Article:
Dr. Grossbard has specialized in the economics of marriage including polygamy in Nigeria. She admitted she had a neutral opinion on polygamy until she became acquainted with FLDS polygamy. Polygamy is a widespread phenomenon. She mentioned African, Asian, American and Jewish polygamy. When asked where one would find Jewish polygamy, she answered “Kurdistan.”

Dr. Grossbard said that Christian polygamy is found in the FLDS in Canada and the U.S.; and, she only found out about those when she studied Bountiful. She explained that polygamy is mainly a cultural event sometimes happening with religion. She explained what she considered central themes of polygamy, themes that make polygamy harmful to women:

· In cultural polygamy (African, Asian) the bride price becomes very “big” but the money is exchanged between the husband and the father of the bride—no money goes to the woman.

· In all polygamy men find ways to limit the freedom of women.

· Female circumcision makes it impossible for the women to experience any sexual pleasure.

· Easy divorce—In Islam, a man only has to repeat “I divorce you” three times and the woman is left alone because her children belong to the husband

· Women cannot choose husbands.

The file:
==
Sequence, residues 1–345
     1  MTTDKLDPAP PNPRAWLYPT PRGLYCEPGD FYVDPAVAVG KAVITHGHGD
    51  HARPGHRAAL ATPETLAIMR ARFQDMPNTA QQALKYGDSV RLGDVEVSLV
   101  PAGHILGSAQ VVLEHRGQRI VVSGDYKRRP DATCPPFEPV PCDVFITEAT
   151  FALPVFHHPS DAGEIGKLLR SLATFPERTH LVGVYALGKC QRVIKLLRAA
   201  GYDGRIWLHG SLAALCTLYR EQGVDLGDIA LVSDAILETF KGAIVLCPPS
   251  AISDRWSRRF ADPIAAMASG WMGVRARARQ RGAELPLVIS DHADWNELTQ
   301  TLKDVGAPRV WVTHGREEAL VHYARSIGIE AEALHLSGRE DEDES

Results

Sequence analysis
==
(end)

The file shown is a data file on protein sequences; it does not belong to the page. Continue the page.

· Early marriage increases the supply of women to polygamous men.

· Purdah—or the isolation of women making it impossible for them to get out of their compounds.

· Ideology of romantic love is not present in these cultures

· FLDS discourage romantic love.

· Polygamous societies limit opportunities for women to be in the labour force.

Dr. Grossbard said she has had no first-hand experience with Jewish polygamy. Traditional Jews de-emphasize romantic love.

Dr. Grossbard talked about France. How in 1980 France allowed African immigration of polygamy but in 1993 stopped allowing it. There are approx. 200,000 polygamous households. France recognized the great harm this was doing to society at large. Services are needed for these people. Social workers are not adequately prepared to deal with polygamy.